Cycling in Piedmont: On the Streets of the Myth!
Note: This is a guest post by Elsi from Trip and Travel Blog
Being a fan of cycling I decided my next trip was to be a bike trip. After reading lots of travel portals and travel blogs I had a hard time deciding on my destination. What better place for cycling than the Piedmont hills to discover the villages and the beautiful landscape that gave birth to Fausto Coppi. I took this trip alone as all my cycling buddies were unavailable at the time. Starting at the town of Tortona in three steps I explored all the places that have shaped the history and contributed in the success of the “champion”.
First I visited the country of Castellania, the birthplace and tomb of brothers Coppi Coppi and the small museum, a place that still sees a pilgrimage of people who pay homage to the great hero. Getting there seemed easy and I even came across other bikers that appeared to be following the same route as me. Arriving in the country it turned out that in the silence of the hills of Castellania Tortona at the funeral mausoleum of Fausto and Serse Coppi,
cyclists and cyclists gather every year to pay homage.
The hills of the Piedmont are not very well known, but I found these valleys to be lovely surprises for my cycling trip. There were also some points of interest one could miss if he wasn’t careful: In Volpedo I visited the house museum of the painter from Volpedo Pellizza; San Sebastian Curone with its square houses painted with views of Mount Giarolo, Monleale nestled on a hill, with its square French styled Garbutt, and his ways of the old Town and the artisans of the cabinet.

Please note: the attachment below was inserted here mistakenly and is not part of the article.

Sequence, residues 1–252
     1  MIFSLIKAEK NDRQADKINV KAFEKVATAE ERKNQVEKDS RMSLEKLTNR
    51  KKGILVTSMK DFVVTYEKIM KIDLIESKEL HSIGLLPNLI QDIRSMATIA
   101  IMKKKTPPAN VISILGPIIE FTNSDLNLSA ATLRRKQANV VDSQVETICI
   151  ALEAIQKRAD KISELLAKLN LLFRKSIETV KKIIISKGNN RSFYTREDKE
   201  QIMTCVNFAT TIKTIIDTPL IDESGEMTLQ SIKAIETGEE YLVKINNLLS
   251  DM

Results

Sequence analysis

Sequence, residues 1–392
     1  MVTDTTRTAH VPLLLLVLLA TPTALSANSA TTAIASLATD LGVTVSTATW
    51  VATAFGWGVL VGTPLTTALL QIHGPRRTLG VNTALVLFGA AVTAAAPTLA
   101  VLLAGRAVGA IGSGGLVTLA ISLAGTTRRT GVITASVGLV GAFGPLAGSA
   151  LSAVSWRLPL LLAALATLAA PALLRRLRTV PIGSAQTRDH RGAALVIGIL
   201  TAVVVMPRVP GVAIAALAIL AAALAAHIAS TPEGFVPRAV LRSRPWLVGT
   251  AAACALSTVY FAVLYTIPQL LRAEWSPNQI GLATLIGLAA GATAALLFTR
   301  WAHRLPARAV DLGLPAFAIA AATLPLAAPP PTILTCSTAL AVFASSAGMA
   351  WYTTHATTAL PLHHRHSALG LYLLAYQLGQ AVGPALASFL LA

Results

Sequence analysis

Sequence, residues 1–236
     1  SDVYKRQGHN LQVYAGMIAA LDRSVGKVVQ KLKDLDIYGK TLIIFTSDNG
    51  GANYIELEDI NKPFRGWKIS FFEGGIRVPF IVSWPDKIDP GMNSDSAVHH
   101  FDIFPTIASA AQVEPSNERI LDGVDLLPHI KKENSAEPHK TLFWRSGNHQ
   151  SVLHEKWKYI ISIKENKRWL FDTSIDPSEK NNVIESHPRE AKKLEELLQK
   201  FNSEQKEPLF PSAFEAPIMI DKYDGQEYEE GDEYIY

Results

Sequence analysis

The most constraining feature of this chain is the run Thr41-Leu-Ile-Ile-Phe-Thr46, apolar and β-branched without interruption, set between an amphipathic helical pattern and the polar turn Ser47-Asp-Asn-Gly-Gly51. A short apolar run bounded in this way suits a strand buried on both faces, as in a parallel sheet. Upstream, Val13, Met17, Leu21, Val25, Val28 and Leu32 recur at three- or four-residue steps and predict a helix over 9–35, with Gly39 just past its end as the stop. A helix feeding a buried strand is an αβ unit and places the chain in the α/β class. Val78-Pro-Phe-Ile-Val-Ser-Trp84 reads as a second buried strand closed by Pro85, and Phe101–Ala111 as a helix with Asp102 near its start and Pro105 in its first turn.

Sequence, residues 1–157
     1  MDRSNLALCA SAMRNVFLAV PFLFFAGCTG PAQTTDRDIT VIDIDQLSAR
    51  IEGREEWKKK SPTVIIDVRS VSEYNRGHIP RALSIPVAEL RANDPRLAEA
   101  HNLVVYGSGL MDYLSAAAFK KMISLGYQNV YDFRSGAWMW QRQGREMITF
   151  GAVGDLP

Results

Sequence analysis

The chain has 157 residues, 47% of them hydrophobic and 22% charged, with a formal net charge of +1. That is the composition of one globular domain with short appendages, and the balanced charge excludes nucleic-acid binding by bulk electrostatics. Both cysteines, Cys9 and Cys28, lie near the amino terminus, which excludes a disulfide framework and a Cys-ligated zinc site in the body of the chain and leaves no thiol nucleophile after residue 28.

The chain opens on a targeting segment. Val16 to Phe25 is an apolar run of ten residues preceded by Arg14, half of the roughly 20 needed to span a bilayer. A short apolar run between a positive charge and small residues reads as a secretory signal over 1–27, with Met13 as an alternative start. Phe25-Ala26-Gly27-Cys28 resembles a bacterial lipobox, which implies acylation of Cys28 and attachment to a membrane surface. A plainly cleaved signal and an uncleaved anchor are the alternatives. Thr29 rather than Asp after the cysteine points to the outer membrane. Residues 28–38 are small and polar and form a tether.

Details of the bike trip:
Immersed in the beautiful hills of Piedmont among vineyards and small towns rich in history I spent 3 days in full contact with nature, just me and my bike, well, and occasionally other bikers. Alternating “hard work” with a cycling tour of the interesting cultural sites in the surrounding area gave me a feeling of progression I seldomly get: the Romanesque church, the country of Coppi, the small museum dedicated to the sample were some of the sites I found.
Later I came to know that there was a group biking tour in the area at the same time with the same meeting point as my starting point, the station in Tortona. Apparently they gathered in the late morning or early afternoon on Thursday. In fact their tour was very similar to my trip except they did a thorough city tour and then made a stop at a winery.
A fellow biker told me all this. He was part of that group, but they were given a choice among various cycling routes. That was the reason I kept seeing cyclists on my way but never big groups of them. Overall, I enjoyed myself; the area was very hilly and therefore had a typical vertical drop in altitude. As a matter of fact the tour was quite challenging. Exactly what I was looking for to escape from the routine of plain sightseeing trips. I avoided to tackle any mountain climbs, but a continuous up and down gradient was unavoidable. Manyareas were also quite steep: it is advisable to check around with some preparation in order to enjoy the best 4 days of cycling.
More about Elsi Hasanaj: Elsi is an aspiring blogger and an adventurous traveler. He likes being abroad and seeing new places. Travelling by sea is his preferences and his favorite countries are Japan and Mexico. He also likes sharing his experiences with the world. You can check out his profile and more writing at Trip and Travel Blog.Related posts: